Pinarello, but it had the tubes already bent, so the rider wouldn't have to do it himself. Can't match that. Anybody know about this model of a Raleigh? Price was $32.50 at my faithful charity thrift. Forget Goodwill and Sal. Army...JONathan
BTW, part of my enthusiasm may be the result of a weekend pushing a brutish MTB with full packs! Ah, the beauty of a LW.

   RE:AGE / VALUE:   Raleigh-USA Technium (Olympian) Aluminum tubes posted by JONathan on 8/7/2003 at 8:10:21 AM
I took another look at the frame. The Sticker has "6061 tubing" listed. I think that is Aluminum, and it probably isn;t melted beer cans, either.
There is a very small decal that has "Olympian" on it, located on the toptube. That sounds a bit hoakie, but maybe it's not an "entry level" afterall.

   RE:RE:AGE / VALUE:   Raleigh-USA Technium (Olympian) Aluminum tubes posted by Gralyn on 8/7/2003 at 11:52:39 AM
I recently sold one of these Technium Aluminum 6061 Tubing bikes. It was just a tad bit too tall for me - so I let it go. I still have another - just like the one I sold - except that it's in a little rougher condition (more chipped paint and scratches, etc.). I currently have it set-up as a fixed-gear. It makes for a very light fixed-gear bike. Mine sounds much as you describe - the brake cable routing inside the top tube, the 6061 tubing, the fork, etc.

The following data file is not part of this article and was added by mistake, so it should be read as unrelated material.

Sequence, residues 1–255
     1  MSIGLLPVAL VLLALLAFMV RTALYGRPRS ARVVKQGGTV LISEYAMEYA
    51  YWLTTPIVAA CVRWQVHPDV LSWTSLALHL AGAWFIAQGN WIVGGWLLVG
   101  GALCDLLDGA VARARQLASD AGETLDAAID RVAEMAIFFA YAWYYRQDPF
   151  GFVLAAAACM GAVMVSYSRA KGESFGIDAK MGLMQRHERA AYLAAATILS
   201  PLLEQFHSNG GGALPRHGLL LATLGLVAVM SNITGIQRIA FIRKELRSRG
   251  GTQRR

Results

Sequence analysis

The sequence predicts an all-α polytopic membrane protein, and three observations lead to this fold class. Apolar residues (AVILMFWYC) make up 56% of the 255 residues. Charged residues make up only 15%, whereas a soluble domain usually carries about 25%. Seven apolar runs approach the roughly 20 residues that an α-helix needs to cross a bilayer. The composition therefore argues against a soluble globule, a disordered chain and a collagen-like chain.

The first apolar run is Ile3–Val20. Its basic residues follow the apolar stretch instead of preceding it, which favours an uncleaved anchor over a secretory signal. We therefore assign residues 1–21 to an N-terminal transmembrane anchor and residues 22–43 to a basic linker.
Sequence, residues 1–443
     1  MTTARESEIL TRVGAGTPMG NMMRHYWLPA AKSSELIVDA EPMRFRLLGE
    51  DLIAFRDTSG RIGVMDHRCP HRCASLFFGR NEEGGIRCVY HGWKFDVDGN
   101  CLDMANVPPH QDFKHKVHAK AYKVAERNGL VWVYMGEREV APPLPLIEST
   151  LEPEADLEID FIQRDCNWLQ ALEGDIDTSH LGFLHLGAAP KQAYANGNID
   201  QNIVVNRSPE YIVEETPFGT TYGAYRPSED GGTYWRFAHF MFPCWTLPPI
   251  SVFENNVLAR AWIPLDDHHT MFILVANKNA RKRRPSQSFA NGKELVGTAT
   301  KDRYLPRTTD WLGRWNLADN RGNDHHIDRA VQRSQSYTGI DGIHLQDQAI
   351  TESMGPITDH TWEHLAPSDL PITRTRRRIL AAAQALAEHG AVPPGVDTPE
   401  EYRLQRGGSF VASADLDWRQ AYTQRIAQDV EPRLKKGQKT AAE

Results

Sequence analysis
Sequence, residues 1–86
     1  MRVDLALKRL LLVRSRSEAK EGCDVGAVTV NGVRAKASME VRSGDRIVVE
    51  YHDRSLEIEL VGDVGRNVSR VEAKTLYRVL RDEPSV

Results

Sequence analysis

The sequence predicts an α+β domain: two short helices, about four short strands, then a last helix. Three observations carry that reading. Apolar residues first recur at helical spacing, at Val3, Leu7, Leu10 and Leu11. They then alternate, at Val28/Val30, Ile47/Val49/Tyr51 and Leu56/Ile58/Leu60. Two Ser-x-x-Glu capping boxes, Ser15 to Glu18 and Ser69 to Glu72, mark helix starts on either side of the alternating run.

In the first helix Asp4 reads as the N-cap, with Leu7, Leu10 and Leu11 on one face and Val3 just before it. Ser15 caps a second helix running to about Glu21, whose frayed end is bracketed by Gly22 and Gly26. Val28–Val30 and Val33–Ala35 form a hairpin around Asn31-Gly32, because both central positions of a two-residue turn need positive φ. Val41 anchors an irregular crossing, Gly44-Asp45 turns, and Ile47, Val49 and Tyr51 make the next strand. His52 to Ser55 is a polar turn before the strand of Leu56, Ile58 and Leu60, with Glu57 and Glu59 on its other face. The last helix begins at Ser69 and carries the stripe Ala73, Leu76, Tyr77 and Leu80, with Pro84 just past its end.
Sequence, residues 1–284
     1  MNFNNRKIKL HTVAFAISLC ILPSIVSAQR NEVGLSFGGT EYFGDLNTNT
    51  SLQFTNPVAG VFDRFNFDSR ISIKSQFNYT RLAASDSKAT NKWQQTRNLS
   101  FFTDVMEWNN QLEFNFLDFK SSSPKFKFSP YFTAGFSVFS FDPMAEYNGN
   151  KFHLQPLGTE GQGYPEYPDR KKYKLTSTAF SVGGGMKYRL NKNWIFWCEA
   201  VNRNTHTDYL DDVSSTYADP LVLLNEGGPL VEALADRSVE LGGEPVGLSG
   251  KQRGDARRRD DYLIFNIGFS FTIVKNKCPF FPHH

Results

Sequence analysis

RE:AGE / VALUE:   Raleigh-USA Technium (Olympian) Aluminum tubes posted by Tom on 8/7/2003 at 1:29:33 PM
JONathan, the Technium Olympian was circa 1990-1992. It was definitely from the LOWER end of the Raleigh line-up though I wouldn't call it LOW END, as MSR was $375-$425, depending on the year.

Regarding the performance, there are a couple of relevant factors. First and most important is your reference for comparison. As you stated, lugging a pack laden MTB does not make for a good comparison. You also ride a lot of 70s LWs and they just can't compare, given the compliant, low pressure tires. You've given the Olympian quite a performance edge with those light weight wheels and high pressure tires, but it will also be a much harsher ride. If I recall corrctly, you also have a Fuji Team? Try riding these back to back for a more valid comparison, though the Olympian should still have a slight edge.

Secondly, there is the New Bike Syndrome (a.k.a. NBS). Whenever you try a new bike there's almost always an adrenaline rush. On top of that you push it harder, to see what you/it can do. I know very few people who don't get excited about trying a new bike and come back glowing about the experience. The exception is if you have a preconceived, negative or neutral connotation.

   comparing frames posted by John E on 8/7/2003 at 1:52:18 PM